Commentary by Zoltán Gyévai
When the regulation on the general conditionality to protect the EU’s financial interests (the rule of law for short) came into force, many of the three top institutions, especially the European Commission and the European Parliament, were rubbing their hands together. The EU has, at least on paper, acquired a new instrument which, for the first time in Community practice, can penalize breaches of the rule of law by withdrawing budget funds if a link can be established.
Although the inspiration and main target of the new regulation from the outset was the Prime Minister of Hungary and his system, built partly with money from the EU itself, it is clear that the instrument could be used in similar or even milder cases against others in the future.
Governments have therefore been ambivalent from the start about the new disciplinary instrument, which seems more effective than ever before. Most countries, and especially net contributors, were pleased that their taxpayers’ money would be better protected than before. On the other hand, they have not been able to get out of their own skin and have been hesitant to fully stand by a new mechanism that could be used against them in the future.
Precedents and the fear thereof have always had a major impact on the development of EU integration.
The rule of law conditionality has been challenged by the Hungarian government, unsuccessfully in the European Court of Justice, partly on the basis that it is imitating existing instruments, thus taking the bread of the failed Article 7 procedure. In fact, the new mechanism is novel in the sense that it attempts for the first time to provide an adequate response to the link between the violation of democratic (and rule of law) principles and the misuse of financial resources. For, as the Hungarian example shows, where politics subjugates supposedly independent institutions, EU budget funds are no longer safe.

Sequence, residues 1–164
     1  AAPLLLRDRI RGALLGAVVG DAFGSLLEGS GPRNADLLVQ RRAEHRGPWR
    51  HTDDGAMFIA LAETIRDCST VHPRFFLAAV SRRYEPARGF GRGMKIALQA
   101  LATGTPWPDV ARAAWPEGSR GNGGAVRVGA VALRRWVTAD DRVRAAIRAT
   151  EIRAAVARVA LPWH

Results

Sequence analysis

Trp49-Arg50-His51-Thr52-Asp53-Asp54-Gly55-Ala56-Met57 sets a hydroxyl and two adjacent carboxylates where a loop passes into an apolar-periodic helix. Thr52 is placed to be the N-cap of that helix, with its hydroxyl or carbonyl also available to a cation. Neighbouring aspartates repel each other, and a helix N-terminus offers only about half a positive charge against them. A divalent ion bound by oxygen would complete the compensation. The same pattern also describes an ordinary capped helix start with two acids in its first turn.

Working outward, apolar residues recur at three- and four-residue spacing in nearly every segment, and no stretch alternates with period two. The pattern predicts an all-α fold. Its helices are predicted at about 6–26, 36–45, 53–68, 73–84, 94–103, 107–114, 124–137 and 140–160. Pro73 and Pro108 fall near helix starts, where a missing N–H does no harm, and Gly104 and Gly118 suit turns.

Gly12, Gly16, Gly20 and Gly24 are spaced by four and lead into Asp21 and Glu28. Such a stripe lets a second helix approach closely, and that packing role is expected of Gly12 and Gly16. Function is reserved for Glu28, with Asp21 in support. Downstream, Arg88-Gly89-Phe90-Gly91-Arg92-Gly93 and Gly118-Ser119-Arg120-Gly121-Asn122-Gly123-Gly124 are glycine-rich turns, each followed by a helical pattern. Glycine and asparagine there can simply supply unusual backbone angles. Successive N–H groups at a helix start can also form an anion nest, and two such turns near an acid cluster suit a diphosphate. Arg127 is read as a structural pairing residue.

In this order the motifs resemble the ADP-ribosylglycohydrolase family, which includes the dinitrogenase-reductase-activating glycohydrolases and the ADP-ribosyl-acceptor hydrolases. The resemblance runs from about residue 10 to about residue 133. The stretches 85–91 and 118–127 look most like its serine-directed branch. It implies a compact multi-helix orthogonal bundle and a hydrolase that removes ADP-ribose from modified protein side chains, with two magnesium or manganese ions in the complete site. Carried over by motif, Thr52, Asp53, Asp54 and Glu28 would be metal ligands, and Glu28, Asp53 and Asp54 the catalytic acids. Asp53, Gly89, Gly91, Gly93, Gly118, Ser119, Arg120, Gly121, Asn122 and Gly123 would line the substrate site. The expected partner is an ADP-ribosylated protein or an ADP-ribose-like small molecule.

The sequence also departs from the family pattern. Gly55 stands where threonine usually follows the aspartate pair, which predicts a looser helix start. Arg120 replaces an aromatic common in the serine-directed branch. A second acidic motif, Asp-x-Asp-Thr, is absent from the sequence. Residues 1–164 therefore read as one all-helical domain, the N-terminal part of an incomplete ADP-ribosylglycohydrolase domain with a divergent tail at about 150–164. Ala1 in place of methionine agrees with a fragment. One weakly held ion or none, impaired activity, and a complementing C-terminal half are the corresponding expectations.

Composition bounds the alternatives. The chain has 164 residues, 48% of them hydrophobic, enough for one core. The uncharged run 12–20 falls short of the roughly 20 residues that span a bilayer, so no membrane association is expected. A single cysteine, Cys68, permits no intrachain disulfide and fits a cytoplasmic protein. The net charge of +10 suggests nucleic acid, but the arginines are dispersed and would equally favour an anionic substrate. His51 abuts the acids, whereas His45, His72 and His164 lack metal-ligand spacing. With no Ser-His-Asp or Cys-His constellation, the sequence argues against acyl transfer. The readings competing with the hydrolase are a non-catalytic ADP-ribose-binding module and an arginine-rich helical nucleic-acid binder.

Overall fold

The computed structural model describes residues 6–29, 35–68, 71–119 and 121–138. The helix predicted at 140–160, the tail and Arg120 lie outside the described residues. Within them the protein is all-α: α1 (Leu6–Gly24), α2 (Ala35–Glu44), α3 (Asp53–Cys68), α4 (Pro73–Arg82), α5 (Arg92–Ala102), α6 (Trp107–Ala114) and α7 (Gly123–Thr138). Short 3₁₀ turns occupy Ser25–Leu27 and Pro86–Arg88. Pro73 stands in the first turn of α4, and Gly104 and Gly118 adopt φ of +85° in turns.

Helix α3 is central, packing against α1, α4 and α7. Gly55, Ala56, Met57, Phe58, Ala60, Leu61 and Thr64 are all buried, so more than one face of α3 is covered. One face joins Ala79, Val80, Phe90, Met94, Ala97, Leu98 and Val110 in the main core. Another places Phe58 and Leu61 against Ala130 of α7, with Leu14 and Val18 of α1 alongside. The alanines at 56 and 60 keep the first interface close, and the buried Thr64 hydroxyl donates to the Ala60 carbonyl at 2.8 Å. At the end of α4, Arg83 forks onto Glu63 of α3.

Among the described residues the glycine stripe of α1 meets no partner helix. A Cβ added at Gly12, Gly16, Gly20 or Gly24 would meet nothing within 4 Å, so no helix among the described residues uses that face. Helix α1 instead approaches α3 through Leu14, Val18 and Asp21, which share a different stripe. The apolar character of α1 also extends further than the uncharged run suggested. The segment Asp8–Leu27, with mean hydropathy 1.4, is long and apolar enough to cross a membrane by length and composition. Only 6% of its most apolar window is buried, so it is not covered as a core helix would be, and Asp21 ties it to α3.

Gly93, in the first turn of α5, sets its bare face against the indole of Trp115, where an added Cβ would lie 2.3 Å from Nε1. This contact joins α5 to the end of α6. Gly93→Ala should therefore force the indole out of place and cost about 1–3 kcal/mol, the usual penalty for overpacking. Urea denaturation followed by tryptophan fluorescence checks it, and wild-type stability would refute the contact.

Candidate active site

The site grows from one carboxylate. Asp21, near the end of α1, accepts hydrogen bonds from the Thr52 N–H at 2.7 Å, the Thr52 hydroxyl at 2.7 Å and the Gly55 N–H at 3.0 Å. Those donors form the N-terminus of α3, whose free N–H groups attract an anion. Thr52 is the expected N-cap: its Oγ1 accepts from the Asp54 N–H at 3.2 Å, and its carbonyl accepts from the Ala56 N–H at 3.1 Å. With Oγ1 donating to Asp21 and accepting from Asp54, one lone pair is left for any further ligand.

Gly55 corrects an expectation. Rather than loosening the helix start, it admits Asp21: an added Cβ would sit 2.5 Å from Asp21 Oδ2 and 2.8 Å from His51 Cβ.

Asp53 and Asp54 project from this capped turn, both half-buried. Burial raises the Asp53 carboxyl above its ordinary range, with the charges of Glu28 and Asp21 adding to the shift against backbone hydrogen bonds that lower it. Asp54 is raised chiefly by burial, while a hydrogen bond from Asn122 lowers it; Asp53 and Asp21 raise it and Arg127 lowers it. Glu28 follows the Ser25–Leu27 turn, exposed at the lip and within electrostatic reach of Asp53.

The ‘rule of law brake’ is the first horizontal instrument at the EU’s disposal to address systemic risks in the use of EU money. This has not been possible so far because of the fragmentation of EU instruments along policy lines. Although the European Commission has withheld cohesion funds from Hungary for some time in recent years because of systemic failures in implementation, it has not been able to force a change in the Hungarian system. The new regulation, which is the first to be applied to Hungary, will force the Hungarian government to finally put public procurement in order. Otherwise, Hungary could lose a lot of money.
The EU’s latest rule of law and budget-protecting instruments have the potential to be a powerful tool against national governments that destroy EU values and drain resources. Although it was largely developed under pressure from the Commission and the EP, it still leaves the final decision on whether and how to judge a national government gone wrong with the Council. In this sense, there is no realignment between the EU’s powers, all the more so because the European Parliament is not dealt a hand in the enforcement of the law beyond the creation of the regulation.
That said, the mushrooming of rule of law mechanisms and the creation of the rule of law conditionality procedure have extended EU normative regulation into a new territory.
It is about the enforcement of fundamental values, including the rule of law, which, although not codified in specific legislation, have been made an integral part of EU law by the European Court of Justice in several precedent-setting judgments interpreting the relevant Article 2 of the EU Treaty.
Of course, none of this would have happened if the current political leadership in Hungary and Poland had not started to dismantle the rule of law and had not jeopardized the separation of powers. These have, albeit slowly, but over time, spawned EU responses, essentially ‘extending integration’ into a new, hitherto unknown area. The wording is muddled in that it is not a question of extending powers beyond the EU’s nations, but of upholding the values on which the European Union is founded. As with many things, the founding fathers had not previously thought of the need to do so.
Namely, that an anti-democratic process would unfold within the Union, which, if it spreads, could in time even split the EU as a whole.
From the outside and sometimes from the inside, there have always been states, individuals or situations that have tested the European Union’s immune system like a virus. Paradoxically, it is Viktor Orbán, who questions the EU’s liberal democratic values, who has perhaps done most to strengthen the EU’s defenses and develop resistance and new mechanisms in the area of the rule of law and anti-corruption.
Zoltán Gyévai is the Brussels correspondent of Free Europe (RFE/RL). He has been a journalist for more than 30 years, 25 of them in Brussels. He was founder and editor-in-chief of BruxInfo, the Brussels-based EU news portal. For a decade and a half, he was a regular EU expert on Hungarian news radio station InfoRádió’s weekly program on the EU.